Foundations of Physics

, Volume 5, Issue 4, pp 607–617 | Cite as

Relativity and the status of becoming

  • Milič Čapek


The merging of space and time proposed by Minkowski in 1908 is still sometimes misinterpreted as a sort of four-dimensional hyperspace of which time is the fourth dimension, analogous to the other, spatial dimensions. An inevitable consequence of this view is that the future events somehow exist prior to, and independently of, human awareness and that what we call “becoming” is “merely a coming into our awareness” (A. Grünbaum). However, an attentive inspection of the space-time diagram and of Minkowski's formula for the constancy of the world interval shows that the events contained in the absolute future of any frame of reference areintrinsically unobservable not only within this system, but also by any other conceivable observer: consequently, there is no reason to postulate their existence.


Spatial Dimension Future Event Inevitable Consequence Human Awareness Fourth Dimension 
These keywords were added by machine and not by the authors. This process is experimental and the keywords may be updated as the learning algorithm improves.


Unable to display preview. Download preview PDF.

Unable to display preview. Download preview PDF.


  1. 1.
    D. Williams, “The Myth of Passage,” inJ. Philos. 48, 457 (1951); reprinted inThe Philosophy of Time, ed. by Richard Gale (Anchor Books, New York, 1967), pp. 98–116.Google Scholar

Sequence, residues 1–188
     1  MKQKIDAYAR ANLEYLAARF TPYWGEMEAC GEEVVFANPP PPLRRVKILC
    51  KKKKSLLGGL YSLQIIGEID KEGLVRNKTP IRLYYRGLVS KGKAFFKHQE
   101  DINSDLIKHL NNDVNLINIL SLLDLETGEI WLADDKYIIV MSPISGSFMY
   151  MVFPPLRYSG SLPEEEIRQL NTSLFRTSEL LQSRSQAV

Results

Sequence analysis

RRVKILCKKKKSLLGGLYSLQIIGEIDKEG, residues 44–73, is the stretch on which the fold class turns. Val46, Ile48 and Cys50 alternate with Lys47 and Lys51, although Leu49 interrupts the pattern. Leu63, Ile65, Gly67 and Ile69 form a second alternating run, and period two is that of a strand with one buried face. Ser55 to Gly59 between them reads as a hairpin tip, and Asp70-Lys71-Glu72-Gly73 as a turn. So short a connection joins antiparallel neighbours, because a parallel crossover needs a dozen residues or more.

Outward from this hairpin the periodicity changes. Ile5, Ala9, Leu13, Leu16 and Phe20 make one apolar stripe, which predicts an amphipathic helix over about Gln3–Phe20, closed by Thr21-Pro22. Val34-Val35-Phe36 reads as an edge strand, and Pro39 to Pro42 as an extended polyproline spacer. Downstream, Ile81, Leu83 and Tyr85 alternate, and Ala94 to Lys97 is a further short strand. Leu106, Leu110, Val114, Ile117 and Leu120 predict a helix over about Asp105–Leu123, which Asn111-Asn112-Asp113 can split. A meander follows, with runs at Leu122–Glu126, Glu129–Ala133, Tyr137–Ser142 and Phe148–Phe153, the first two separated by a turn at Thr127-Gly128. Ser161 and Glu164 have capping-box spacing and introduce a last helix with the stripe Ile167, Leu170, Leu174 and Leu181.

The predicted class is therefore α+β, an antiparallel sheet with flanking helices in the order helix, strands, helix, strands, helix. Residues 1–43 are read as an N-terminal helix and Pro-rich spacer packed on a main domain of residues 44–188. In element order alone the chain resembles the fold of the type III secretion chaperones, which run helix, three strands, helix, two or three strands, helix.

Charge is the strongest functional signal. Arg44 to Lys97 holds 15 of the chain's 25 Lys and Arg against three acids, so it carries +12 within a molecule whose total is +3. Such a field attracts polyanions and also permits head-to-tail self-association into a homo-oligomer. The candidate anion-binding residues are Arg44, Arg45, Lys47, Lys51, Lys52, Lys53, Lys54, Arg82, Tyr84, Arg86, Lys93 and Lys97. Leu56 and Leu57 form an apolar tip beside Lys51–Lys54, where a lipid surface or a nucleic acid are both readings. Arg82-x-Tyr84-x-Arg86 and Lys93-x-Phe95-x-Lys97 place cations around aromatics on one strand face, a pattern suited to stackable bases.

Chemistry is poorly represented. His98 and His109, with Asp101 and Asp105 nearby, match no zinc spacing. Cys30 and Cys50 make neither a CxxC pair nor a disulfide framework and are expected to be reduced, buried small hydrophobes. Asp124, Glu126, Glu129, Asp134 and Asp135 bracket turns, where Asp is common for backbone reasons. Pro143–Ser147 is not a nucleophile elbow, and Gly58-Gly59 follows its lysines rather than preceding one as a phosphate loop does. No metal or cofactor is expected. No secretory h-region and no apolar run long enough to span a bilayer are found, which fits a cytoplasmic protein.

2. 2.
    D. Park, “The Myth of Passage of Time,” inThe Study of Time, ed. by J. T. Fraser, F. C. Haber, and G. H. Muller (Springer Verlag, Berlin, 1972), pp. 110–121.Google Scholar
  3. 3.
    W. Quine,Word and Object (Cambridge, Massachusetts, 1967), p. 160.Google Scholar
  4. 4.
    A. Grünbaum,Philosophical Problems of Space and Time (Knopf, New York, 1963), pp. 321–329.Google Scholar
  5. 5.
    H. Putnam,J. Philos. 64, 240 (1967), esp. p. 246.Google Scholar
  6. 6.
    E. Meyerson,La déduction relativiste (Paris, 1925), pp. 99–100; M. Čapek, “Einstein and Meyerson on the Status of Becoming in Relativity,” inActes du XIe Congres International d'Histoire des Sciences (Varsovie, 167), I, pp. 131–139.Google Scholar
  7. 7.
    M. Čapek, “The Myth of Frozen passage,” inBoston Studies in the Philosophy of Science, II (Humanities Press, New York, 1965), pp. 441–463, esp. pp. 446–448.Google Scholar
  8. 8.
    C. W. Rietdijk,Phil. Sci. 1968, 23, 341.Google Scholar
  9. 9.
    H. Reichenbach,The Philosophy of Space and Time (Dover, New York, 1956), p. 149. (Cf. p. 175 of the original German edition,Die Philosophie der Raum-Zeit-Lehre, Berlin, 1928.)Google Scholar
  10. 10.
    P. Langevin, “Le temps, l'espace et la causalité dans la physique moderne,” inBull. de la société française de philosophie, séance du 19 octobre 1911.Google Scholar
  11. 11.
    A. Einstein, “Autobiographical Notes,” inAlbert Einstein: Philosopher-Scientist, ed. by P. A. Schilpp (Library of Living Philosophers, Vol. VII, Evanston, 1949), p. 61.Google Scholar
  12. 12.
    M. Čapek,Philosophical Impact of Contemporary Physics, 2nd paperback ed. (Van Nostrand, 1969), Appendix II.Google Scholar
  13. 13.
    H. Stein,J. Philos. 65, 15 (1968).Google Scholar
  14. 14.
    A. A. Robb,The Absolute Relations of Space and Time (Cambridge Univ. Press, 1921), pp. 7, 12–13.Google Scholar
  15. 15.
    H. Bergmann,Der Kampf um das Kausalgesetz in der jungsten Physik (Braunschweig, 1929), p. 15.Google Scholar
  16. 16.
    H. Margenau,J. Philos. 64, 714 (1967).Google Scholar

Copyright information

© Plenum Publishing Corporation 1975

Authors and Affiliations

  • Milič Čapek
    • 1
  1. 1.Department of PhilosophyYale UniversityNew Haven

Personalised recommendations